Pain Is Better Than Emptiness

I’ve come to realize that I cling to pain and yearning because they give me inspiration. They may not be the sole source, but certainly a great deal. I always listen to Leonard Cohen and Elliot Smith during such moods, as they have the ability to intensify and deepen the sadness.

I can tell it’s something of a destructive habit. It’s almost like I subconsciously choose to dwell on things that have been resolved for the sake of something to write about.

It makes me think of the last lines from King Missile’s song Ed:

“Yes, this is the answer. This is the ending. I shall keep on running, because a body in motion tends to stay emotional, and it’s better to feel. Pain is better than emptiness, emptiness is better than nothing, and nothing is better than this.”

Is this how I feel alive, a way of bringing significance to my life? Or is this the way I truly feel, and I’m simply a slow healer, and too much of a thinker?

Or perhaps the better question is this: does happiness inspire me just as much?

7 comments

  1. From what I’ve read over a couple of years here, I think you are just as moved by happiness…. it’s just more of a surprise to you. You are a thinker.

    Morbid moroseness can be a companion for a while, but for me it’s a device I need to make pain dissipate. It does eventually. Wouldn’t it be worse if you contained it all and put on a tough shell?

    • I agree with your assessment, although perhaps it’s not that happiness is more of a surprise, but less frequent.

  2. The question of bringing signifiance in my life via pain is one that I often turn over in my head. I wonder if it’s simply a skill that needs developing like anything else – the ability to draw inspiration from happiness and contentment.

    The painful memories have also been my most prolific. Inspiration is around every corner and I find myself constantly writing and thinking. Though I’ve certainly enjoyed the happy times in my life, the amount of creative output during those times is relatively small and I find documenting these times of my life exceedingly difficult.

    I imagine Goethe’s writings would have been pretty bland had he not had his intense heartaches.

    • I believe it’s fairly common that artists need to suffer to create. Sometimes, I get to the point where I’m so happy that I don’t “need” to write, though it doesn’t happen that often. Sometimes, I wonder if I ever reach a state of eternal happiness whether I’ll stop this blog completely.

  3. It’s odd that I wanted to write about this yesterday as well, guess you’ve given me the nudge to write about it.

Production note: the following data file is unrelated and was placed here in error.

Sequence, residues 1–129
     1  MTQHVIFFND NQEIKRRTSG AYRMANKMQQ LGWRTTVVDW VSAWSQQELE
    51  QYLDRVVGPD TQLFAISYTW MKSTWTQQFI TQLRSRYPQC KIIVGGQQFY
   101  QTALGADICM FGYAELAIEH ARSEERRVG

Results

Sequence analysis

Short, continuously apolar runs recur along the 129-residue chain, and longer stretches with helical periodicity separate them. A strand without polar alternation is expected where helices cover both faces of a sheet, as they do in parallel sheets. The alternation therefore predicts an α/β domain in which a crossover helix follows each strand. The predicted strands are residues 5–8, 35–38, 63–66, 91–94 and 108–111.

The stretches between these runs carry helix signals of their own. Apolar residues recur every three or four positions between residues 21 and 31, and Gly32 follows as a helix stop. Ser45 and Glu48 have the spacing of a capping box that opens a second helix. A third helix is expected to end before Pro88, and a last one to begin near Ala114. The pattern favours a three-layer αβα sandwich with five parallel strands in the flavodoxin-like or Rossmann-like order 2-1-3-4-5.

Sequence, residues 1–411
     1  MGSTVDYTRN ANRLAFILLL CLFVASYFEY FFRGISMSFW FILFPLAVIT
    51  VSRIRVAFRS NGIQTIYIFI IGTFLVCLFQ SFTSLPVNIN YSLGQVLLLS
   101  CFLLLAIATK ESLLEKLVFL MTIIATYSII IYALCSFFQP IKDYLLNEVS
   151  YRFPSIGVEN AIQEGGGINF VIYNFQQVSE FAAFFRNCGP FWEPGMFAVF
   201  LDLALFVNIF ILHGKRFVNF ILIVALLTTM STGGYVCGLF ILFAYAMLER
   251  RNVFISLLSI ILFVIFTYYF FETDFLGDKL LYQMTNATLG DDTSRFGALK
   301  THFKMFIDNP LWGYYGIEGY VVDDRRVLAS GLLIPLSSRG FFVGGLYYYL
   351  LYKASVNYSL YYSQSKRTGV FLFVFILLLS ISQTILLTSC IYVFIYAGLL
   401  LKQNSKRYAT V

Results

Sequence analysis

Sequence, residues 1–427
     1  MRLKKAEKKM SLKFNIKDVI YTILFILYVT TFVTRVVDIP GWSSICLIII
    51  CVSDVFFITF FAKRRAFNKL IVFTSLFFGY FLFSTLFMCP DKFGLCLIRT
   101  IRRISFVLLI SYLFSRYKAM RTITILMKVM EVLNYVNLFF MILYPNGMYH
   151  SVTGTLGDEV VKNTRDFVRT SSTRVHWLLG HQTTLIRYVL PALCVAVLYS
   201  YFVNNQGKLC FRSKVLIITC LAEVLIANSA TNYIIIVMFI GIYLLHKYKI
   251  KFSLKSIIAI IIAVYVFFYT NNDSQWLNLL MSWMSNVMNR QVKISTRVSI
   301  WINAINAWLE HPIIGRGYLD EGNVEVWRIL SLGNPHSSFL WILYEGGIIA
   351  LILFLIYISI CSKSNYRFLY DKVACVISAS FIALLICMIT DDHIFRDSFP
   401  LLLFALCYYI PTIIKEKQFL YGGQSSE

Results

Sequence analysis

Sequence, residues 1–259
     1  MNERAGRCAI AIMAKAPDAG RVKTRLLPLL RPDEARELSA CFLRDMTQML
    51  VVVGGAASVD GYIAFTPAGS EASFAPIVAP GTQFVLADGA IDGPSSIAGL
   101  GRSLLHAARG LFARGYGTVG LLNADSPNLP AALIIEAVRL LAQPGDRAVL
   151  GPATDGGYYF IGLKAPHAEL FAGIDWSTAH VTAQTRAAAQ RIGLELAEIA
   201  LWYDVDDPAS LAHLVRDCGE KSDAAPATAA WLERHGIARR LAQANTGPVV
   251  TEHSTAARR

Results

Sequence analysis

I’ve touched it before though, how people like ourselves are driven by the state of our melancholy. We seem to go further and faster being down than we are when we’re content or happy. Maybe its because this is a world we’re used to rather than being happy. Or maybe it’s because this is a world we’re supposed to live in rather than one where happiness is a state of life.

    Anyway, that much I subscribe to. That pain is one of those defining things that makes me feel alive (also a justification of one of my more destructive habits). And it drives us, to feed on it, and to paradoxically do whatever it takes to make sure it never touches us, or anyone else we care for.

    • I thought of a third possibility to reason why we’re driven by melancholy. In some situations, I work best under pressure. Perhaps it’s the melancholy that drives us because it gives us something to work towards, whereas happiness leads to (potentially boring) complacency.

      Your final point is quite important, but it’s something I never realized. There have been many times when I’ve felt let down, with no one to help me, most likely because they don’t understand what the pain is like. We become caregivers, and make sure that those whom we love will not have to go through the same thing. Maybe it’s not such a bad thing after all.

  4. I pondered this question too recently… I once noticed that if anyone read my diary when I die they would think I had a sad life of heartach and disillusion, with people that have hurt or pained me in some way… but the funny thing is I only write in a diary a few times a year, representing such a tiny percentage of my actual life… All the times I am happy, with all the people I really love and have to thank in my life barely get a mention in the diary!! (and I have to say here I am a very optimistic happy person by nature, who has had a great life!)

    I then came across this quote which I think really answers alot… ‘a content mind hasn’t much need to think…’

    maybe if we are not struggling, we are not over-analysing, replaying, and trying to figure something/someone/some situation out… we are just being in the flow… I think it’s as alive, but perhaps not in the mind, and its more subtle… (maybe confused with emptiness)…

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